The Scottish Poor Law Act of 1579 was implemented by Justices of the peace in rural districts and burgh magistrates in urban areas. Poor and destitute people who were fit enough to work were legally barred from receiving any assistance so the monies raised by collections at churches were usually enough to cover the needs of the poor without having to utilise the provision of the compulsory rate that was allowed for in the Act. The type of assistance given was generally outdoor relief, providing clothing, food, goods or money. A later Act in 1672 transferred responsibility in rural areas to Ministers, church elders and landowners; by 1752 greater influence was given to landowners, as the main ratepayers, to undertake decisions. Up until the early 19th century the arrangements worked quite well in rural districts but as slum areas increased in towns of a more industrial nature the system began to fall short.
The Act passed in 1672 required the thirty-two main burghs to build correction houses, in which vagabonds were to be detained and forced to work. The Commissioners of Excise were empowered to issue fines of five hundred merks every three months against any burghs not completing the construction of correction houses within required time scales. But the threat of fines failed to encourage the building of these establishments, and doubt has been recorded by Poor Law Commissioners such as Sir George Nicholls as to whether any at all were built. Alexander Dunlop, politician and lawyer, shared the opinion that no purpose-built correction houses were ever constructed.[a] Outdoor relief remained the main type of assistance, but poorhouses or their equivalent were sometimes funded by local merchants. In Aberdeen during the 1630s an institution had been established by wealthy cloth merchants; Canongate Charity Workhouse in Edinburgh was managed by several trade associations after being opened in 1761; and Glasgow had the Town’s Hospital, opened in 1731.
Towards the end of the 18th century and the beginning of the 19th century, the system of poor relief in Scotland was considered to be superior to that of its counterpart in England by political economists like James Anderson. Writing in The Bee, a weekly publication mainly compiled by Anderson, in 1792 he reviewed the early volumes of the first Statistical Accounts of Scotland in which most parishes gave information on the poor; Anderson described the statutory system in England as “groaning under the influence of a system of laws” whereas he considered the poor in Scotland were “abundantly supplied with all that their wants require”. Just over twenty-five years later, in 1818, the General Assembly of the Church of Scotland also praised the methods adopted when giving its opinion in the Select Committee’s Report on the English Poor Laws. Representatives of the English Commissioners spent time in Scotland prior to making recommendations which resulted in the 1834 Poor Law Amendment Act and had declared the laws in Scotland and the way it was administered as “admirable”. Inadequacies in the Scottish arrangements began to garner more attention within a few years; in 1840 William Alison, a social reformer, published his thoughts on the administration of poor relief and its effects on disease. Around that time Scotland was spending about one shilling and three pence per head of population on poor relief; in France the figure was ten shillings, which was similar to the English costs in around 1832.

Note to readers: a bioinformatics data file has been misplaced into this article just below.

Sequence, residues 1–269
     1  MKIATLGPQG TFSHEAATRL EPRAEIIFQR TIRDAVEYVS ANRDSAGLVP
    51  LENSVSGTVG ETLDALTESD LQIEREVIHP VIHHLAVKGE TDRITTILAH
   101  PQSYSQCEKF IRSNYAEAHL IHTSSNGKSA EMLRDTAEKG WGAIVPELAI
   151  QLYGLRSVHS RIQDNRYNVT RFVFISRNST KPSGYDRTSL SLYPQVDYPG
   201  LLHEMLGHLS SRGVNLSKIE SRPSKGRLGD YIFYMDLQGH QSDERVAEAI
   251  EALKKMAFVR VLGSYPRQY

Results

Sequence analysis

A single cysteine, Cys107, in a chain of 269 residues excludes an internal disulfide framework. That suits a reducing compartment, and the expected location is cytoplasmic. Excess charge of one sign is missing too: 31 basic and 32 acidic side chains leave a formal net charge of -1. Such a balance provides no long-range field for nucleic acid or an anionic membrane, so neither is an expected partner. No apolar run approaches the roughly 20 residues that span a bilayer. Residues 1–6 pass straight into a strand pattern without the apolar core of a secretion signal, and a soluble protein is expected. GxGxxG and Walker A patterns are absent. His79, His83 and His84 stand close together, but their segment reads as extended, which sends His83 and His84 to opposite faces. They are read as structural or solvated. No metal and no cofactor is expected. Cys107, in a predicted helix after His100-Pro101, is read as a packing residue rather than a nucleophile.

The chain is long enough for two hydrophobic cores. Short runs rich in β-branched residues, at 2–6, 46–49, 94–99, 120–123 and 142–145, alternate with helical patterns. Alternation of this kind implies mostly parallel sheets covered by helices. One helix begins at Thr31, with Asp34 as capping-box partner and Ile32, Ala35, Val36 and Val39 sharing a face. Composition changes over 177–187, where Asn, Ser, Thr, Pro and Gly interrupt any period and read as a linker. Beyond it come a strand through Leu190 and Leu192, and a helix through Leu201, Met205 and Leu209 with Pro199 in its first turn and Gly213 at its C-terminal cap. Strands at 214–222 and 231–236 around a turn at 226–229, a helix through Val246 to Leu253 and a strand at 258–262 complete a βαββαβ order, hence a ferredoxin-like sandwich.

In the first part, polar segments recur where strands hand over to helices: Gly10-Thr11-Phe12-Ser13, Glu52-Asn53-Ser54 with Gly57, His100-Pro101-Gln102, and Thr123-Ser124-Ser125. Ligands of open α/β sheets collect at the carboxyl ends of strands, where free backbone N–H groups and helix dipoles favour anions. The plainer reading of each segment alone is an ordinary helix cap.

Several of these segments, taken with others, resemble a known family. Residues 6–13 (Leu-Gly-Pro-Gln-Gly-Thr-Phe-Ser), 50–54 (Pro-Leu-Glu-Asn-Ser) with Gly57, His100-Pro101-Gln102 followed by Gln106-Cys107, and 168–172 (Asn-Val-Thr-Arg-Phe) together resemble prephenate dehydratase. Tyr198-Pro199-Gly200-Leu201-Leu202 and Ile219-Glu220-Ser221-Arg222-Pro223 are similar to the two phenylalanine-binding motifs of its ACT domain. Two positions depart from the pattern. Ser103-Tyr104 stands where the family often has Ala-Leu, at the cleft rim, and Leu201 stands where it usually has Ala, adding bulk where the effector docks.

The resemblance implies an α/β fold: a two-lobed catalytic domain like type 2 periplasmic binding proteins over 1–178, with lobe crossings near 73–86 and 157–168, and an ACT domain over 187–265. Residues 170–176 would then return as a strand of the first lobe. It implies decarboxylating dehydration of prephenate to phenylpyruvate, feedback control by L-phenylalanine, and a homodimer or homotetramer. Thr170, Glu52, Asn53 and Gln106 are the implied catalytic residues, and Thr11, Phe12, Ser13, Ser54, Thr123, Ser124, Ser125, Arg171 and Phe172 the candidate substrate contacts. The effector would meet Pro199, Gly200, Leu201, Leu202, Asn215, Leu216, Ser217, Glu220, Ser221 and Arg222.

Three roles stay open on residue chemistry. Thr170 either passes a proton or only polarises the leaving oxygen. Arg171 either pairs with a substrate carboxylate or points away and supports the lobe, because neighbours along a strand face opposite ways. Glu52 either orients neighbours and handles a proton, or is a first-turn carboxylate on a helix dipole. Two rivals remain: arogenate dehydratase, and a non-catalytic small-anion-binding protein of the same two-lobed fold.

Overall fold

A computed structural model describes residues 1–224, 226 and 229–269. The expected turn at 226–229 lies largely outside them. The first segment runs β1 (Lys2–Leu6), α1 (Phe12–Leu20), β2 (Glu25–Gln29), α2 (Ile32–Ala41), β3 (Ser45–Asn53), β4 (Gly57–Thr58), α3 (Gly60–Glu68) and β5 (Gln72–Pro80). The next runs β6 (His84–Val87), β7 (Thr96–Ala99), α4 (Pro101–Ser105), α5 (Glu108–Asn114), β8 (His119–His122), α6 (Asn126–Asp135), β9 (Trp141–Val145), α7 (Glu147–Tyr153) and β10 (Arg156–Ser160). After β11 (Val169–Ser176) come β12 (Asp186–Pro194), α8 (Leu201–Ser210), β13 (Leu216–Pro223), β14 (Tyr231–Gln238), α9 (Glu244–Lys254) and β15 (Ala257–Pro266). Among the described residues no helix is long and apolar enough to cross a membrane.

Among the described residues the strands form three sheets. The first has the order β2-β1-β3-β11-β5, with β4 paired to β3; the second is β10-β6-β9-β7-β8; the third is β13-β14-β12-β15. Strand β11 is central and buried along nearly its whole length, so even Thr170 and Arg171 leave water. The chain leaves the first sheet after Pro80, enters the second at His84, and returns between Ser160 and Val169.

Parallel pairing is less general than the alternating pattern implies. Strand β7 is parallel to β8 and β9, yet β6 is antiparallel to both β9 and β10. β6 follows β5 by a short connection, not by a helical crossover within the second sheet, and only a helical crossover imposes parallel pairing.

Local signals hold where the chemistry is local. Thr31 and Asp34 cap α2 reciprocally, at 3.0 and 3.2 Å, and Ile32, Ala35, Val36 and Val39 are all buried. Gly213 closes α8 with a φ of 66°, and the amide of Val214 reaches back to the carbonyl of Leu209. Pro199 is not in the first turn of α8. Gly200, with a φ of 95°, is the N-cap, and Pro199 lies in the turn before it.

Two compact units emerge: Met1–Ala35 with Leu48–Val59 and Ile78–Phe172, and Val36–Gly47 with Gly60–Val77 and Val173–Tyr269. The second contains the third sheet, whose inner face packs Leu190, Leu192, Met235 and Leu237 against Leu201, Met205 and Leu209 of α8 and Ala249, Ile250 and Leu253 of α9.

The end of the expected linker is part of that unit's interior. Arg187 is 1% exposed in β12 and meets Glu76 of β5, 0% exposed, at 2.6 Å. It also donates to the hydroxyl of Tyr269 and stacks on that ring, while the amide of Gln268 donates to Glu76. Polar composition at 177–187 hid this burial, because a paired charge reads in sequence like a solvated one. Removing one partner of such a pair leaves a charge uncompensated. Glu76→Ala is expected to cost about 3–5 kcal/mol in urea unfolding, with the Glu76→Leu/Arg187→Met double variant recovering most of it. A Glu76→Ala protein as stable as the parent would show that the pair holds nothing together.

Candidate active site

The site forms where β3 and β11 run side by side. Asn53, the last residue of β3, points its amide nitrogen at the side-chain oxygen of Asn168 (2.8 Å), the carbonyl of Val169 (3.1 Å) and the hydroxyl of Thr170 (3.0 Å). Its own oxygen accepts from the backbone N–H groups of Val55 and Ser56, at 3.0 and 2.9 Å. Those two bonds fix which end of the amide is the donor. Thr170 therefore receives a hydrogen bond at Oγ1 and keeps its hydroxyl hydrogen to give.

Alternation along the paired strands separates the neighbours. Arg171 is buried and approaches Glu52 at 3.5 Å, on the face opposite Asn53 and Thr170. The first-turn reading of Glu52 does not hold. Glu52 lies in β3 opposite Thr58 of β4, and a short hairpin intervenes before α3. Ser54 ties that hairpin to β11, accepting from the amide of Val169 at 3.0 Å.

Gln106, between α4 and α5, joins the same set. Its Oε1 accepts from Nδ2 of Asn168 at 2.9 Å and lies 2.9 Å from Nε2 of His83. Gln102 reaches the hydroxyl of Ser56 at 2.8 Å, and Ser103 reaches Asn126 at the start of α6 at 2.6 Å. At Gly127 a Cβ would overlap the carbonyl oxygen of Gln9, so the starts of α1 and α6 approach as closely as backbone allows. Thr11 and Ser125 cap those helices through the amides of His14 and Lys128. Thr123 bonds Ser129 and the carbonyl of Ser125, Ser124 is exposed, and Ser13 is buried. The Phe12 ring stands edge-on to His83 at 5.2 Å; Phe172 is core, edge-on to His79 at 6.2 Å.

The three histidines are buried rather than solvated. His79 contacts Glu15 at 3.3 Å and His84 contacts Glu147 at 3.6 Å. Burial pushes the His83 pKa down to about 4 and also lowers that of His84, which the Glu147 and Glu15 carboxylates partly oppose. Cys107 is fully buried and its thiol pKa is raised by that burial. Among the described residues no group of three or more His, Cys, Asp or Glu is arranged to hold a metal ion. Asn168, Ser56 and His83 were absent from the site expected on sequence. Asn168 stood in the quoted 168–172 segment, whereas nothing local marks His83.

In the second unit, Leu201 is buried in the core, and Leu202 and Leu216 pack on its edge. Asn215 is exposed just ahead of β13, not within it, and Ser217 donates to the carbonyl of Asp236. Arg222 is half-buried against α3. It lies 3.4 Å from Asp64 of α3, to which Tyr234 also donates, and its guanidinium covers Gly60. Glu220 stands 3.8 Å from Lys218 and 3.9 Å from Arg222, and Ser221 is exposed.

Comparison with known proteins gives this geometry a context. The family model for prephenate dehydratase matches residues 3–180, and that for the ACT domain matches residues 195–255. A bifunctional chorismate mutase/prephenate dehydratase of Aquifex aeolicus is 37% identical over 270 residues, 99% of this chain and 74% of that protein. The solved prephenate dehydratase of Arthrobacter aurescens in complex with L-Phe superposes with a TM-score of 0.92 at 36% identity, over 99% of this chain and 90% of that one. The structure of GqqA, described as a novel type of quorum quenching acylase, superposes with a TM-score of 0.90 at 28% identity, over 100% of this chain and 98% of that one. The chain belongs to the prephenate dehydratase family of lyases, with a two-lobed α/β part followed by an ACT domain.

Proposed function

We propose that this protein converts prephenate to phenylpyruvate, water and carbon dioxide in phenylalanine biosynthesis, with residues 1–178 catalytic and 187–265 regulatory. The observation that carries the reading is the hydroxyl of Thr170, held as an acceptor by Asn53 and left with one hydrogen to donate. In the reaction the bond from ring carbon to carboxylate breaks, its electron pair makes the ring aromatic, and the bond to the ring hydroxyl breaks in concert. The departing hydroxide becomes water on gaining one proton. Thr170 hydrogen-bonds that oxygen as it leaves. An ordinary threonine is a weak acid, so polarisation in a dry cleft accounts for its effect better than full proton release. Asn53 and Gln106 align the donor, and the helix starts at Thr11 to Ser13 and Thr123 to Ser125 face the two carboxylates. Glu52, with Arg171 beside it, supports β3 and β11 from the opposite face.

Poor Law Act 1845